By Carl Berkowitz, TCCC Volunteer
There’s never a good time for a cancer diagnosis. But it would be difficult to think how it could have been more complicated for Fred Higgins. He was in the process of moving his family to the Tri-Cities from Cannon Beach, selling his old home, building a new home, starting a new business (“Kitchen Designs by Fred”) and scrambling to install cabinets for the latest luxury hotel in our community, ‘The Lodge at Columbia Point’, where his wife Wendy was to start as the new manager.
Life was already challenging for Fred, Wendy and their children Katie, Chad and Charity. So when a biopsy on a lump in his throat came back positive, the challenges went from ‘big’ to humongous. Not only did Fred have to adjust to a rigorous treatment of radiation and chemotherapy (being done at the same time), but just when he needed more energy, there was less to be had.
“I was a non-smoker and in good shape at the start of the treatment. Dr. Choe [Tri-City Cancer Center radiation oncologist] told me this would make everything go better.“ So at the start of his treatment, Fred thought that he could swing by the Cancer Center, have the procedures, then walk over to his new shop and get back to work. But his body had different ideas. “The energy wasn’t there. I tried to ignore my body but eventually I had to listen.” Family came to Fred’s rescue with Chad and son-in-law Bob Smith helping to meet the demands of Fred’s new business.
Eventually, work for ‘The Lodge’ was completed, the old house in Oregon was sold, the new house finished, and the family relocated to the Tri-Cities. Fred finished his treatment in May of last year. With these adventures behind him, Fred and Wendy could now reflect back and share some of the surprises coming from their cancer experience.
The Importance of Dental Hygiene
“I always knew dental hygiene was important, but was surprised to learn how incredibly important it is when you have cancer” Fred says. One of the first things he did following his diagnosis was visit his dentist for a special cleaning and to have other work that had been postponed. “Chemo can have a big effect on saliva production, and this can have a big effect on oral health”. In fact, dentists can be the first medical providers to detect throat cancers, which is one reason Dr. Choe offers seminars to help dentists identify problems during standard oral exams.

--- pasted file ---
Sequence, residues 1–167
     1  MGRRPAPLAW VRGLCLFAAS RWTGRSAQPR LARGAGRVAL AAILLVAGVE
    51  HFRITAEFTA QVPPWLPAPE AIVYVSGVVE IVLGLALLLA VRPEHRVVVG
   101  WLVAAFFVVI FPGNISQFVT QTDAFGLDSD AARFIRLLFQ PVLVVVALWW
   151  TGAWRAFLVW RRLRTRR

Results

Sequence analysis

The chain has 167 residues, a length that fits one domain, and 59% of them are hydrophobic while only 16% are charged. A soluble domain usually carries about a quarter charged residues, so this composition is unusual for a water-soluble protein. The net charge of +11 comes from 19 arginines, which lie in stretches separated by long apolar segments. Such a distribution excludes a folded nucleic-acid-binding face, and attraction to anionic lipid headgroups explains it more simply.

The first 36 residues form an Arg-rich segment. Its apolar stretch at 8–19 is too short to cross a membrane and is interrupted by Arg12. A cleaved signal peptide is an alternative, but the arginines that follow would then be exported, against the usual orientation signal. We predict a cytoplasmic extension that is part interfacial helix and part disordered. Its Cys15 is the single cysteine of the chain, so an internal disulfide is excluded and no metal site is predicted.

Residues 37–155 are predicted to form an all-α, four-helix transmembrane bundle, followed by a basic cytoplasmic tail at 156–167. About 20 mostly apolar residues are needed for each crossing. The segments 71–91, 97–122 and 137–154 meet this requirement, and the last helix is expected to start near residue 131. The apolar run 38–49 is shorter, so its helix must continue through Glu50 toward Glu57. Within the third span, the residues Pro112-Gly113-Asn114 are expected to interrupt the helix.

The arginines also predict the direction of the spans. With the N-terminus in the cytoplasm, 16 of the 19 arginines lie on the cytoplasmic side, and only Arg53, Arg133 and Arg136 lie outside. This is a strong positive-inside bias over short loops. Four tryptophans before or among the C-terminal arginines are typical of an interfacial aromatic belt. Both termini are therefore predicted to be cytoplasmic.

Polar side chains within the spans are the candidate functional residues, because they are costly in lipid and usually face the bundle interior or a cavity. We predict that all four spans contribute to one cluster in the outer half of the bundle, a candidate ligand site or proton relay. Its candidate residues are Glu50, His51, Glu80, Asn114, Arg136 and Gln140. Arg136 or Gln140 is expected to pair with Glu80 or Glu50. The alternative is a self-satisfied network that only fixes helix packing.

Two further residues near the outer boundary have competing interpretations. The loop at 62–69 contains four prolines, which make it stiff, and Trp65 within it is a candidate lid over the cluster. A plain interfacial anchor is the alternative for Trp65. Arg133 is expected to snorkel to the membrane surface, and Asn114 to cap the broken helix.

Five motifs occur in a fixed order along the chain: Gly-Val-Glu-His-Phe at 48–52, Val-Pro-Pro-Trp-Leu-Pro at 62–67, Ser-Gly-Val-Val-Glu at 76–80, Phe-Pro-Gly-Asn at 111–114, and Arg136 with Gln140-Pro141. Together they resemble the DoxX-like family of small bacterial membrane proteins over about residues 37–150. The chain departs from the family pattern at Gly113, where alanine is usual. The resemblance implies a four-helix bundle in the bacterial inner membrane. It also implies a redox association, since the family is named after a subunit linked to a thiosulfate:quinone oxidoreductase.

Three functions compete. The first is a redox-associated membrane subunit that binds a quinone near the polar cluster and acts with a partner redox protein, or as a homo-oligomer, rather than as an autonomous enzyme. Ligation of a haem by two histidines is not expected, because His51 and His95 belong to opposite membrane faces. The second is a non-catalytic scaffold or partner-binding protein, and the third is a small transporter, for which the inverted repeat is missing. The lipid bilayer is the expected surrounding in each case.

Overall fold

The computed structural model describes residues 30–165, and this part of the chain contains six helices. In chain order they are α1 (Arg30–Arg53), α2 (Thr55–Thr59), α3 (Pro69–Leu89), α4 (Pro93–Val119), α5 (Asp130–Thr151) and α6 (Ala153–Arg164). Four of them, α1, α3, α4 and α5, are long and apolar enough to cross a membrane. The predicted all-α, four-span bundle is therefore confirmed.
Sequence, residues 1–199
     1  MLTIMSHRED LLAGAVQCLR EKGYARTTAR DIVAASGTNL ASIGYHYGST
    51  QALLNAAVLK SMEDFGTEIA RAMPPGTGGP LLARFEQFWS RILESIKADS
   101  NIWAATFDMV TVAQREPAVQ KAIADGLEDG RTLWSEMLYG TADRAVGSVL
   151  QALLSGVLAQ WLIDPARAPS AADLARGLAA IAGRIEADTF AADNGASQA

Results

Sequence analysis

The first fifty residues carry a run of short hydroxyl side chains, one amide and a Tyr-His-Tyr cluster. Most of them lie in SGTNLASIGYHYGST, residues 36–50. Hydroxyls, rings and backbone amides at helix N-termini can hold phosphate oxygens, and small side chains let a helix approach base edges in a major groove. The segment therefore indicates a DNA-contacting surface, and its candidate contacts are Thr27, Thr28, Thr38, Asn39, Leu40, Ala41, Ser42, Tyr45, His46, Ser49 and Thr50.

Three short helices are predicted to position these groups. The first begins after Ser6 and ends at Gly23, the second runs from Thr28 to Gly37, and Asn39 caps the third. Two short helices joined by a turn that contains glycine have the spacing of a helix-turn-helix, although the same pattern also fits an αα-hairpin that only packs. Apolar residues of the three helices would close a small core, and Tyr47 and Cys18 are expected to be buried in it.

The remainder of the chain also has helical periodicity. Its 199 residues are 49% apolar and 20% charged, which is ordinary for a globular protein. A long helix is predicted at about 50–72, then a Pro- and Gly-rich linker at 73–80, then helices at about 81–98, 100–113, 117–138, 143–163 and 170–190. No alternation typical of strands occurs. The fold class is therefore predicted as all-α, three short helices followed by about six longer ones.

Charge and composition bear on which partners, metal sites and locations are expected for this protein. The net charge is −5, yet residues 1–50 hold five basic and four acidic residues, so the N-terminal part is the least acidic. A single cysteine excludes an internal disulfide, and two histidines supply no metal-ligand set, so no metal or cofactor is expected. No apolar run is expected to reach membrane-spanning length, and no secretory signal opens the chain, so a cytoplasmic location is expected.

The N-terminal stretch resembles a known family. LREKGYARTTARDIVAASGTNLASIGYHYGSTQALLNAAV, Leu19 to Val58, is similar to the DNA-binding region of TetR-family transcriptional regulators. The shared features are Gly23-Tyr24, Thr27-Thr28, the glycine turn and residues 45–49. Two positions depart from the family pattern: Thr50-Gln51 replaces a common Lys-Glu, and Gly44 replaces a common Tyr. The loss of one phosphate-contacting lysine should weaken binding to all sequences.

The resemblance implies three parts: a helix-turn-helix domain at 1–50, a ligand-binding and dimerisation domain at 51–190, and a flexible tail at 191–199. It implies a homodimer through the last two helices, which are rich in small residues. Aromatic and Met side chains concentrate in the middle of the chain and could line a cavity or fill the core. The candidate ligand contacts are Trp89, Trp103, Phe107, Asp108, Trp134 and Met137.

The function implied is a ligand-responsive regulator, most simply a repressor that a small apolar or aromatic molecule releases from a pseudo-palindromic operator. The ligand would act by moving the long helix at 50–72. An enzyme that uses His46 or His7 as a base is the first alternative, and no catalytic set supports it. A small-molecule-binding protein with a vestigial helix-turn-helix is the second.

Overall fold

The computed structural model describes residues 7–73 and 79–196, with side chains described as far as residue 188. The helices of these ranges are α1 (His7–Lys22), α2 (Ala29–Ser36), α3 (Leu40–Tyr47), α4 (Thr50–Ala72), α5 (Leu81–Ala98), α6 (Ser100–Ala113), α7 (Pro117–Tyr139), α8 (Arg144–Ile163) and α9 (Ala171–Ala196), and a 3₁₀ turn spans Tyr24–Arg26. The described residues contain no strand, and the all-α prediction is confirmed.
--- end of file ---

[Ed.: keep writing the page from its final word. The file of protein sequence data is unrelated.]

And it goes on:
Reaching Out to Others
Fred thought it would be beneficial to share his therapy experiences while going through them and used Facebook to get the word out. “I wanted to help others experience what I was about to go through, but was surprised that it made me feel much better, too.”
“Everybody knows that ‘cancer sucks’ “Fred says.“ But most people have no idea what you’re actually going through.” But sharing his experiences with others didn’t prepare Fred for the outpouring of love and concern that came back to him. “I had no idea I meant so much to so many people.” Smiling, he said that he thought such an outpouring of kind words would come only at his funeral. “But it was a nice surprise to hear them now!”
His openness in sharing experiences extended to everybody, including grandkids. He shared a video in which he demonstrates use of his gastric feeding tube to grandchildren Micah (age 4 years) and Halo (2 1/2 years). Both peppered him with questions and watched in wide eyed amazement.
After Treatment, Now What?
Another surprise came in the months following treatment. “I learned it’s not over with the end of chemo or radiation. There was still a lot of recovery work to do.”
For a few months after therapy, Fred simply didn’t feel like his former self. He wanted to regain his energy, weight and muscle tone. So staff at the Cancer Center directed him to ‘WellFit™’, a joint venture between the Cancer Center and the Tri-City Court Club. Fred’s opinion of this program? “In one word…Wow!”
The WellFit™ instructors showed him exercises to regain strength and muscle mass. He became a regular participant in their exercise classes where he learned about the ‘Sonix’ machine, a device designed to enhance blood flow in the vicinity of neuropathic areas. More information on WellFit™ can be found on the Cancer Center website and in the December 2016 issue of the Cancer Center’s newsletter*.
The Future Looks Good
Fred is now back at work, enjoying grandkids and family and will soon be a regular face at the Cancer Center as a new member of the TCCC volunteer team. “I enjoyed sharing experiences at the radiation clinic with other patients as it seemed to help both of us. Now I’ll do it on a regular basis as a volunteer.”
And he had some frank but simple advice for others facing a situation like his. “Throat cancer sucks. But it’s a lot like other experiences in life. This too shall pass! There will always be surprises. But if you learn something from them, you’ll come out a better and stronger person.”